Growth and Resource Use of Young Rubber (Hevea brasiliensis) on Hillsides in Northern Thailand
Nuttapon Khongdee1, Wanwisa Pansak1, Thomas Hilger2
1Naresuan University, Dept. of Agricultural Science, Thailand
In the past decade, rubber production largely expanded into the uplands of northern Thailand, substituting primary forests. Without proper soil conservation, monocropping of rubber generates soil loss in the magnitude of 14 Mg ha-1 in upland areas. Growing rubber together with either annual crops and/or cover crops is a way to decrease such environmental impacts. The objective of this study was to evaluate rubber growth, soil and leaf nutrient content of two soil and water conservation systems. The study was conducted during 2013 and 2015 on a rubber plantation established in 2011 at Wang Thong District, Phitsanulok province, Thailand (16o 55'N, 100o 32'E), using clone RRIM 600. The slope gradient ranged from 12 to 30%. The experiment was set up as a randomized complete block design with three replications. The treatments were: (i) rubber sole cropping, (ii) rubber plus maize, and (iii) rubber plus maize and legume. Results show that the girth expansion used as proxy for growth performance was highest in rubber intercropped with maize. Across all treatments, C, N, C/N ratio, P, K, Ca, Mg, K/Mg, K/Ca, and Mg/Ca ratios of soil were 1.18-1.26%, 0.13-0.14%, 8.89-9.17, 2.74-3.16 mg kg-1, 387-466 mg kg-1, 76-93 mg kg-1, 203-245 mg kg-1, 1.67-2.22, 4.47-5.26, 2.44-2.72, respectively. Soil organic carbon and exchangeable potassium concentrations under sole rubber and intercrop treatments were higher than the optimum ranges for premature rubber trees. Leaf C, N, C/N ratio, P, K, Ca, Mg K/Mg, K/Ca, and Mg/Ca ratio of all treatments were in the ranges of 47.7-48.2%, 2.87-3.11%, 15.6-16.9, 0.17-0.24%, 0.21-0.24%, 0.09%, 0.35-0.45%, 0.48-0.87, 2.72-3.65, and 4.95-5.75, respectively. Leaf Mg concentration showed an optimum level as recommended by standard values for rubber, while leaf C, N, C/N ratio, K, Ca, and K/Mg, ratio values represented low levels of rubber requirements. The soil conservation systems tested indicate a fair resource use, improve farmers' economy during juvenile growth of rubber where tapping is not possible, and avoid negative environmental impacts. Rubber intercropping with annual crops is, hence, a viable alternative cropping option for the target region.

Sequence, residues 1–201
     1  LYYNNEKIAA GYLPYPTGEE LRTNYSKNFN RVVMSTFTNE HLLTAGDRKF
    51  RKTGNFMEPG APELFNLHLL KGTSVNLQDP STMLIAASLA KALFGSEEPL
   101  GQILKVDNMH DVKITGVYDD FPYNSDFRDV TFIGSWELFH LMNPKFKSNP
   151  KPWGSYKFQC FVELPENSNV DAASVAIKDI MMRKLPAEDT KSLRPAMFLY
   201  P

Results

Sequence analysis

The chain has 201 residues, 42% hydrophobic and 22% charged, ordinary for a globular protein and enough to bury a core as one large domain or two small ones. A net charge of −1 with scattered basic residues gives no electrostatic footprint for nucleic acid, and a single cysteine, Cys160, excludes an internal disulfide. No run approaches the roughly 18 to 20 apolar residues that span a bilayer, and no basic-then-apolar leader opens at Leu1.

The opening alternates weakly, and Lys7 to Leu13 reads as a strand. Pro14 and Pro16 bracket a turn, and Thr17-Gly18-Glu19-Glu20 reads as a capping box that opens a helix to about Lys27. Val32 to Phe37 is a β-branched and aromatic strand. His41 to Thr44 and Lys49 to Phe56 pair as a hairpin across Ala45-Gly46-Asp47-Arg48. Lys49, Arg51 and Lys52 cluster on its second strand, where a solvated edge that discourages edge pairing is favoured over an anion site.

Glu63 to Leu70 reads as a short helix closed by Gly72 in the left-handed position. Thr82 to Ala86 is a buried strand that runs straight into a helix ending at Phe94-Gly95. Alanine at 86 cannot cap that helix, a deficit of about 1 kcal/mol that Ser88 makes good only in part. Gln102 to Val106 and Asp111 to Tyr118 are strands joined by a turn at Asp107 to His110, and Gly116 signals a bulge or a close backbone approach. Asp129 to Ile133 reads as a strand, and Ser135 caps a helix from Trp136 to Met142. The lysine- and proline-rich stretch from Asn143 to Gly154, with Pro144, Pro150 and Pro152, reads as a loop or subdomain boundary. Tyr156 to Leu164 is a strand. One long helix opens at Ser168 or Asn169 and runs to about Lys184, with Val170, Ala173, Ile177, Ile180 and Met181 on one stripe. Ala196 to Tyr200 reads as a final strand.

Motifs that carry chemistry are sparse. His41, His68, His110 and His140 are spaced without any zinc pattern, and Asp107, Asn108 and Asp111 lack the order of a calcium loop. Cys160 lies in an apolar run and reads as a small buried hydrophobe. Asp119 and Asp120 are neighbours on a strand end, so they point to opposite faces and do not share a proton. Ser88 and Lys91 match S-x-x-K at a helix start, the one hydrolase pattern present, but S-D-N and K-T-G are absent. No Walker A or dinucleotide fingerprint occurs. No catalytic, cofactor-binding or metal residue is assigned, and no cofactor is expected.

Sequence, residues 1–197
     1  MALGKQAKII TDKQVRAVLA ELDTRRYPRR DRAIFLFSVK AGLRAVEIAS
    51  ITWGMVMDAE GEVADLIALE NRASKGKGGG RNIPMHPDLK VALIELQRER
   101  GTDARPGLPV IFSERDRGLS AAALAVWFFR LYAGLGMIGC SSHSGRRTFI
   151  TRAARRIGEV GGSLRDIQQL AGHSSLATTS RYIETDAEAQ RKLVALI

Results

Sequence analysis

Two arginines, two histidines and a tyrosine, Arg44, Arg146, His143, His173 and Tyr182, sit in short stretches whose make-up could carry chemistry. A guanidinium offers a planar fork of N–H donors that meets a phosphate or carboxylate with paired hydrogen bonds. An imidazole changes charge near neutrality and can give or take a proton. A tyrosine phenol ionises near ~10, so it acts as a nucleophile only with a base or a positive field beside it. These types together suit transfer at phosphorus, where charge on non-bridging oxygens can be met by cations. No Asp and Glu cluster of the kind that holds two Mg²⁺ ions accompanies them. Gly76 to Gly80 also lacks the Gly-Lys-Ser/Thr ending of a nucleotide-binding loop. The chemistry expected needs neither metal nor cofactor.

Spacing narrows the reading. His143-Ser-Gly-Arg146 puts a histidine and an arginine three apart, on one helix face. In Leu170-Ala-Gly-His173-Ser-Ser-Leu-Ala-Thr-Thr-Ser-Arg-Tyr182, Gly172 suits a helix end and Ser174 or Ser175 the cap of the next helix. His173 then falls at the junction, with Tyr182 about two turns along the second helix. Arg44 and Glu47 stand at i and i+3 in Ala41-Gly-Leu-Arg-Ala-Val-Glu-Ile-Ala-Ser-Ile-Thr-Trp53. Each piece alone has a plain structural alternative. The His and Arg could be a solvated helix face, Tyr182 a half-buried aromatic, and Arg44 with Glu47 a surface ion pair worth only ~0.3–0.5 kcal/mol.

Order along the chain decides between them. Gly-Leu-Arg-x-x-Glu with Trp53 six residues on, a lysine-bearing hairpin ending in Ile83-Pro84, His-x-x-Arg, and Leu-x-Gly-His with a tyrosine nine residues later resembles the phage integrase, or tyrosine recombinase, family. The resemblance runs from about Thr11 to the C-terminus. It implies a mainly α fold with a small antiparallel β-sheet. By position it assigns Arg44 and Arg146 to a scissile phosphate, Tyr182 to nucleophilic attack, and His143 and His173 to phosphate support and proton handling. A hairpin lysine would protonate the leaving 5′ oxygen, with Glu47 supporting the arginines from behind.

Keywords: Growth performance, Hevea brasiliensis, premature rubber, soil and leaf nutrients, soil conservation
Contact Address: Wanwisa Pansak, Naresuan University, Dept. of Agricultural Science, 65000 Phitsanulok, Thailand, e-mail: wanwisapanu.ac.th